Angela Bespflug and Janelle O’Connor support call for culturally sensitive claims process in class actions for wrongs against Indigenous people.
May 25, 2020
Angela Bespflug and Janelle O’Connor recently provided an overview for The Lawyer’s Daily of The National Truth and Reconciliation Commission (NTRC) report, Lessons Learned: Survivors Perspectives. The NTRC report reviewed the Indian Residential Schools Settlement process from the survivor perspective. A key finding in the report is that a western-centric settlement claims process can re-traumatize survivors and undermine the key goals of redress and reconciliation. The lesson to be learned by counsel in class actions involving collective wrongs against Indigenous peoples, is the critical importance of designing future settlements so that the claims process is culturally sensitive and prioritizes Indigenous law and cultural practices to promote healing.
The NTRC report calls for a survivor-focused, trauma-informed approach (including aftercare) as essential in future settlements for institutional abuse. Angela and Janelle note the approach implemented in the Indian day schools class action settlement (McLean v. Canada 2019 FC 1075) offers a partial solution. The survivors of Indian day schools, many of whom were subjected to verbal, physical, and sexual abuse while attending school, number over 100,000. The claims process is relatively simple and avoids the need for oral hearings. The process seeks to ensure that survivors are not re-traumatized and avoids delays that can result when thousands of oral hearings are required. The day schools process also eliminates a “common experience payment” in favour of an acts-based approach that provides five levels of compensation and a guarantee that compensation will not be prorated if the settlement is over-subscribed. In addition, and similar to the Sixties Scoop class action, the Indian day schools settlement establishes a Legacy Fund to support commemoration events, healing projects, and the restoration of Indigenous languages and cultures. It is hoped that this survivor-focused approach will better support truth, healing, and reconciliation.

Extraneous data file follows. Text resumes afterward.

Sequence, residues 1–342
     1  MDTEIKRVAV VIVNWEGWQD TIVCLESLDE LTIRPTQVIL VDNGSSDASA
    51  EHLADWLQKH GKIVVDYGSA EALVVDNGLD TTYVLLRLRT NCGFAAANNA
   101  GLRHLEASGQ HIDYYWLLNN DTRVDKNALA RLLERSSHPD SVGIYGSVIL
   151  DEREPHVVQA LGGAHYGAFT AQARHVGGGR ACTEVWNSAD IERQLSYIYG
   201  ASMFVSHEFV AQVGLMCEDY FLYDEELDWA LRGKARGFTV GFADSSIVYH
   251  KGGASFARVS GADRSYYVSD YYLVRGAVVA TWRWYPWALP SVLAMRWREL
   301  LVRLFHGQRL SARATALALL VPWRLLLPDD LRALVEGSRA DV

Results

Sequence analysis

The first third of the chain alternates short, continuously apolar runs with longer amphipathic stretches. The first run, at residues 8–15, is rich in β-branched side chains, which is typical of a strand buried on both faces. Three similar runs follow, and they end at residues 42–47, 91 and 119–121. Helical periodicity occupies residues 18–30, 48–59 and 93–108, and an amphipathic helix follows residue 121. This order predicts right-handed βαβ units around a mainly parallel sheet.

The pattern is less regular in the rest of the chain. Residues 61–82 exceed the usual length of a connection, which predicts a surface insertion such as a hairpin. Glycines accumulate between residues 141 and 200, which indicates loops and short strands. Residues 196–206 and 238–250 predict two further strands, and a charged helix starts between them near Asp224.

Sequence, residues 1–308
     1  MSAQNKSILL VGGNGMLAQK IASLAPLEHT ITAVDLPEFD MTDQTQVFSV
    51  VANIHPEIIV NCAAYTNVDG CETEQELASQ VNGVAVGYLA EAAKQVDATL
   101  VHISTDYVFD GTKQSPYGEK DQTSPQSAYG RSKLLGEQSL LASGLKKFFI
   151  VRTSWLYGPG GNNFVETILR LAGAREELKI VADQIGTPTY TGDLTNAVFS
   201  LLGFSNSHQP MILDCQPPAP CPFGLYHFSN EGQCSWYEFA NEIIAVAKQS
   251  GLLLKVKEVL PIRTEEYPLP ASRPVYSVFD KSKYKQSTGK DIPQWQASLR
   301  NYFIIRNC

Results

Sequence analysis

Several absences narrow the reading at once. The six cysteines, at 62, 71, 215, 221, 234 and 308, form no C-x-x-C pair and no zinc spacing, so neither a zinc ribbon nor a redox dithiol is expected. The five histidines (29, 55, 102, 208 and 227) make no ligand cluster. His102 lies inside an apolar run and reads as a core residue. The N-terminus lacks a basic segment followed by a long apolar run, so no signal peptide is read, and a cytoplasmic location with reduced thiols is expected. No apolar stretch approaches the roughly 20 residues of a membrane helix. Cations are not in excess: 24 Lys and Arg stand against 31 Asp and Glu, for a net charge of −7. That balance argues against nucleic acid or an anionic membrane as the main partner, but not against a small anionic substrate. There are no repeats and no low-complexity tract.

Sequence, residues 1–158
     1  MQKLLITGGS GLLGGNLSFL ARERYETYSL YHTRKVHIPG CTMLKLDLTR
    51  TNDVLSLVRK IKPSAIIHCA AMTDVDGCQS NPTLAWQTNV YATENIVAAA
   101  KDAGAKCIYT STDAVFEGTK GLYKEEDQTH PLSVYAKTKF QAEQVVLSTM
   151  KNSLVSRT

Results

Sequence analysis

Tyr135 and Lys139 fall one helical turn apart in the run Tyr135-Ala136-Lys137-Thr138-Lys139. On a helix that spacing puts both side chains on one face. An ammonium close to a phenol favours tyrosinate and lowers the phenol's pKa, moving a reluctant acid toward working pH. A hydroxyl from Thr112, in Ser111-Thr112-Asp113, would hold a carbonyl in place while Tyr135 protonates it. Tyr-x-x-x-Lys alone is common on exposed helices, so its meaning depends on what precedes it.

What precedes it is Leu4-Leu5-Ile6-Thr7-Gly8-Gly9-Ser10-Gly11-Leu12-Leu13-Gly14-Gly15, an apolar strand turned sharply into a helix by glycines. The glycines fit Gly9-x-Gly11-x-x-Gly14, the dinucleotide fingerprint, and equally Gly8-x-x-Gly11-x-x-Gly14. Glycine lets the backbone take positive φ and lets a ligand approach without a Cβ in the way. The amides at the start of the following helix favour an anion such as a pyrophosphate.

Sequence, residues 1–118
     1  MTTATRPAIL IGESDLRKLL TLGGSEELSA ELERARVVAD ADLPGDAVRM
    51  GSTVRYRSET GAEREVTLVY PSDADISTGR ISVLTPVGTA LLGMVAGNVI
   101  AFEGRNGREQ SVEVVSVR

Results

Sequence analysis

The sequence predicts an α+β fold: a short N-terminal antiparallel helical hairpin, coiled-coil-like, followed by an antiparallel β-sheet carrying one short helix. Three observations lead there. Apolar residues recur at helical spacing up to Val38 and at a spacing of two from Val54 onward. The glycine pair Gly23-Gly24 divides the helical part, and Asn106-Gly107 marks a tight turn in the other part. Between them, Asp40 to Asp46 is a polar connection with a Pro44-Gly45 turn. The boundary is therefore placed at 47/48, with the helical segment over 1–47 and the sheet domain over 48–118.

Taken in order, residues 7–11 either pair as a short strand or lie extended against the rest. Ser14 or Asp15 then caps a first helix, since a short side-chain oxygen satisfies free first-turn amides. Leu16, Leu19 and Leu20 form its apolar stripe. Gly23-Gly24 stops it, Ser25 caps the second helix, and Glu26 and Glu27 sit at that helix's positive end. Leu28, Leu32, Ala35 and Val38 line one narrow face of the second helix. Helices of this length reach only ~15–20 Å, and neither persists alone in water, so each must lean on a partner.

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Disclaimer: This article was originally published by The Lawyer’s Daily (www.thelawyersdaily.ca), part of LexisNexis Canada Inc.”